Here is almost the same thing, indices are stored as short in XNA models so we create an array with the correct size. Please note that I assume the mesh is triangulated!

Before filling up your triangles and storing them away we need to transform the vertices from model space to world space. We use the transform we created earlier.

for (int i = 0; i != allVertex.Length; ++i)
{
Vector3.Transform(ref allVertex[i], ref transform, out allVertex[i]);
}


And now we are ready to create triangles and fill up our list.

for (int i = 0; i < indices.length; i+= 3)
{
CollisionTriangle triangle = new CollisionTriangle();
triangle.v[0] = allVertex[indices[i]];
triangle.v[1] = allVertex[indices[i + 1]];
triangle.v[2] = allVertex[indices[i + 2]];

}


Now we have a triangle list to check collisions on each frame! (or rather after X frames for optimizations) For each unit that's moving, go trough all triangles check if it's position is within the three vertices. If so create a plane from the triangle and do a ray vs plane collision check, the unit should be placed at the intersection point.

foreach(RTSUnit unit in Unitlist)
{
foreach(CollisionTriangle tri in triangles)
{
if(InsideTriangle(unit.Position, tri))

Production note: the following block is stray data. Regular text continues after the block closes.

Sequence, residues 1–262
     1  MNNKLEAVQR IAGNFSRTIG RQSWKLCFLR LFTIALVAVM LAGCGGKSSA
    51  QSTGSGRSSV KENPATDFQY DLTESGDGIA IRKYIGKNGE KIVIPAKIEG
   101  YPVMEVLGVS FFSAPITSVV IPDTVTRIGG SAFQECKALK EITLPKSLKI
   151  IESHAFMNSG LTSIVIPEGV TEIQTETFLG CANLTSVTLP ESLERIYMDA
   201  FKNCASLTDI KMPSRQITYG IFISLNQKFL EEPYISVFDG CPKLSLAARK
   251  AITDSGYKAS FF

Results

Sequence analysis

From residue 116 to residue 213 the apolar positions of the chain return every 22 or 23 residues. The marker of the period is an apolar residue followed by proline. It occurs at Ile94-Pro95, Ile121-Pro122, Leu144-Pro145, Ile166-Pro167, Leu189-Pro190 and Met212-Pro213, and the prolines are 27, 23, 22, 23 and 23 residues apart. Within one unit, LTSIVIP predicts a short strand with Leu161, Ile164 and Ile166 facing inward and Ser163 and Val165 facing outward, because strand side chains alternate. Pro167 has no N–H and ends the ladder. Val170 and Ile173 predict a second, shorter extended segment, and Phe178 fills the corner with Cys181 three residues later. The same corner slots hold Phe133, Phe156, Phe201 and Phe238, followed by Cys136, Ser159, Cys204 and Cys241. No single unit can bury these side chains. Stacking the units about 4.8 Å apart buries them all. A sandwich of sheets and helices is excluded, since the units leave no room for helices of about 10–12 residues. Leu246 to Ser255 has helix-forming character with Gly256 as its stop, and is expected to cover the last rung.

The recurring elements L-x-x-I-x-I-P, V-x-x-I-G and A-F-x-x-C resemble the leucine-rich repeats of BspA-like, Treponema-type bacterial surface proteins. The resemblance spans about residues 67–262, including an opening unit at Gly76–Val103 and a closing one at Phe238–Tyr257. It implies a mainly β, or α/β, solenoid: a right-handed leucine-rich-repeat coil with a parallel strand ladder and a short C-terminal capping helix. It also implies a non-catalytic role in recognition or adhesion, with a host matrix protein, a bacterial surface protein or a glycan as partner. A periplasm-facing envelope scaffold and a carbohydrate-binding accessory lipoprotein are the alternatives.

{
Vector3 rayStartPos = unit.Position + Vector.Unity * 100;
Ray ray = new Ray(rayStartPos , -Vector3.UnitY);
Plane plane = new Plane(tri.v[0], tri.v[1], tri.v[2]);

float? intersectDist = ray.Intersection(plane);

if(intersectDist != null)
unit.Position = ray.Position + ray.Direction * intersectDist;

}
}
}


We start the ray from a bit up in the air to make sure we hit the ground even if moving up a slope. If there's an intersection intersectDist will tell us how far away from the rayStartPos the point is. That's where the ground is!

The way we check if the point is inside or not is by measuring the angles to the vertices from the point. If the combined angles are roughly 360 degrees then it's inside, otherwise it's not.

bool InsideTriangle(Vector pos, CollisionTriangle tri)
{
Vector3 vec1 = Vector3.Subtract(tri.v[0], pos);
Vector3 vec2 = Vector3.Subtract(tri.v[1], pos);

vec1.Normalize();
vec2.Normalize();

double dotV = Vector2.Dot(vec1, vec2);
double angle = (float)Math.Acos(dotV);

vec1 = Vector3.Subtract(tri.v[1], pos);
vec2 = Vector3.Subtract(tri.v[2], pos);

vec1.Normalize();
vec2.Normalize();

double dotV = Vector2.Dot(vec1, vec2);
double angle = (float)Math.Acos(dotV);

vec1 = Vector3.Subtract(tri.v[2], pos);
vec2 = Vector3.Subtract(tri.v[0], pos);

vec1.Normalize();
vec2.Normalize();

double dotV = Vector3.Dot(vec1, vec2);
double angle = (float)Math.Acos(dotV);

float tolerance = 0.001f;

if(angle > (Math.PI * 2) - tolerance)
return true;

return false;
}
`

We need to add a tolerance to the check because of float precision, angle is never going to be exactly 360.

That should be it! But please note that depending on terrain mesh detail, size and number of units this could be really slow. So if you are going with this solution I recommend having a collision mesh. Meaning a simpler mesh than what's being rendered. It should be as low poly as possible. Also you might want to split up the terrain mesh in smaller pieces so each unit doesn't have to check a huge triangle list each time.

Disclaimer, I wrote this here, the code has never been compiled so I suspect a few typos but you should be able to figure it out I think.